An altered immune system can cause autism-like behaviors, suggests a study published 31 July in the Proceedings of the National Academy of Sciences. The researchers found that a bone marrow transplant, which restores the animals’ immune system, alleviates their anxiety and repetitive behavior.
Spectrum: Autism Research News
Experiencing a stressful event during pregnancy does not increase the risk of having a child with autism, according to an epidemiological study published 13 June in PLoS One.
Offspring born to pregnant rats with an activated immune system emit more distress calls when they receive electrical shocks than do controls, according to a study published 9 June in the Journal of Psychiatric Research.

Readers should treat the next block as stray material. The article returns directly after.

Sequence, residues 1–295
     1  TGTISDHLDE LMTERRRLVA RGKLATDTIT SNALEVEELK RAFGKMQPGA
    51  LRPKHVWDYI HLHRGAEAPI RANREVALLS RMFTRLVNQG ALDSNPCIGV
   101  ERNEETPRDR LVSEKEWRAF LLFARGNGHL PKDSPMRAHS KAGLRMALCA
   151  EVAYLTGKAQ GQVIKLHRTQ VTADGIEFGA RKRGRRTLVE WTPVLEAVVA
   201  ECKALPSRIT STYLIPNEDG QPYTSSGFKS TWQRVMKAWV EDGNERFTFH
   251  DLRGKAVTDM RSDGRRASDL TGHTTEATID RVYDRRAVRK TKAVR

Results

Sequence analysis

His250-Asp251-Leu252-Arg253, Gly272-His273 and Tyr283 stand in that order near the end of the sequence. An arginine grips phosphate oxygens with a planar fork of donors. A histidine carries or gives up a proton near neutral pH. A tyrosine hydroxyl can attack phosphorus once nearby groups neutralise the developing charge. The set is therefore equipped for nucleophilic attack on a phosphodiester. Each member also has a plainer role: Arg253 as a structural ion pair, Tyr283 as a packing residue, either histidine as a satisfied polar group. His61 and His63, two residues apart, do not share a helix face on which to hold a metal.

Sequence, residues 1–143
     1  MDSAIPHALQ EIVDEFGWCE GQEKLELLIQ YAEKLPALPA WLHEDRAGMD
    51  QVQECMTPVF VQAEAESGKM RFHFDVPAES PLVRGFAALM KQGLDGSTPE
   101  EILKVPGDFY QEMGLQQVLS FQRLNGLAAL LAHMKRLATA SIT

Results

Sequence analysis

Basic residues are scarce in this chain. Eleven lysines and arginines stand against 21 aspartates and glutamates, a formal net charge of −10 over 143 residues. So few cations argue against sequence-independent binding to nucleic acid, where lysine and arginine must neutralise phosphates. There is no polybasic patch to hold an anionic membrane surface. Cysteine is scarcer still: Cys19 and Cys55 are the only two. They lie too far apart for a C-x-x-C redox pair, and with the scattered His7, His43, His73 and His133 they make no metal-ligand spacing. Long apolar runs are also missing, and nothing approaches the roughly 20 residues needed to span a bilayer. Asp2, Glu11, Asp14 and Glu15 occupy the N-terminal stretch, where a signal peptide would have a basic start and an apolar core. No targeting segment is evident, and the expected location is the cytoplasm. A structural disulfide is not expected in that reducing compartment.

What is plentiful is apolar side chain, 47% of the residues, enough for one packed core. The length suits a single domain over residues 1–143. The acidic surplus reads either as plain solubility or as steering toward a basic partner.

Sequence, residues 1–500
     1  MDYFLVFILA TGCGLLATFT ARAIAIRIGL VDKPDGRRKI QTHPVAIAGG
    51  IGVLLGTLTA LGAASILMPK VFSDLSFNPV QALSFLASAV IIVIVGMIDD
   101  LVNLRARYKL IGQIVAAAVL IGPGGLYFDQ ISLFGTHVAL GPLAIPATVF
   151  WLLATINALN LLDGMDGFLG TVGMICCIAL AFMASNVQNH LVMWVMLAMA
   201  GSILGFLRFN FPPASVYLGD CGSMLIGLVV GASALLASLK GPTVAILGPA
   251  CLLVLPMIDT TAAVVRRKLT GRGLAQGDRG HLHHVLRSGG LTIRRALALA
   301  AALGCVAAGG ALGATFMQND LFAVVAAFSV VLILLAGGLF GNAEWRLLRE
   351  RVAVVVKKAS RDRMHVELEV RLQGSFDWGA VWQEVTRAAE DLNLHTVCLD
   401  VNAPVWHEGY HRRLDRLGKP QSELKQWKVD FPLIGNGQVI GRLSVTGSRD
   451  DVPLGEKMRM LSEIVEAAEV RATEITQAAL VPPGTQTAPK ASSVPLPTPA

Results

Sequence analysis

An untreated fever during pregnancy more than doubles the risk that the child will develop autism, according to a study published 5 May in the Journal of Autism and Developmental Disorders.
By studying pregnant women who already have a child with autism, researchers hope to understand how epigenetic changes — those that affect gene expression but don’t directly alter DNA — during pregnancy influences risk of the disorder.
Individuals with autism may belong to one of four groups with discrete sets of symptoms, the most distinct of which includes immune system abnormalities accompanied by sleep problems and sensory sensitivity. The results were published in the April issue of Autism Research.